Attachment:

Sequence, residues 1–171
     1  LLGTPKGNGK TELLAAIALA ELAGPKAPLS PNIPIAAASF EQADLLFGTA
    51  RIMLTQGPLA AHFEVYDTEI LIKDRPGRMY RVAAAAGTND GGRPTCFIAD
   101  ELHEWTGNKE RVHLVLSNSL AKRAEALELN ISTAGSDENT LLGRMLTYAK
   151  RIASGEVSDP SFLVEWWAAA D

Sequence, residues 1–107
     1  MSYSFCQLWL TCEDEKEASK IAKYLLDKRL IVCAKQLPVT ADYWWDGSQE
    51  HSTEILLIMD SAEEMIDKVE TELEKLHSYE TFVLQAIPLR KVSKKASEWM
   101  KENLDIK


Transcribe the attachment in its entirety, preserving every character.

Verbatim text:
Sequence, residues 1–171
     1  LLGTPKGNGK TELLAAIALA ELAGPKAPLS PNIPIAAASF EQADLLFGTA
    51  RIMLTQGPLA AHFEVYDTEI LIKDRPGRMY RVAAAAGTND GGRPTCFIAD
   101  ELHEWTGNKE RVHLVLSNSL AKRAEALELN ISTAGSDENT LLGRMLTYAK
   151  RIASGEVSDP SFLVEWWAAA D

Sequence, residues 1–107
     1  MSYSFCQLWL TCEDEKEASK IAKYLLDKRL IVCAKQLPVT ADYWWDGSQE
    51  HSTEILLIMD SAEEMIDKVE TELEKLHSYE TFVLQAIPLR KVSKKASEWM
   101  KENLDIK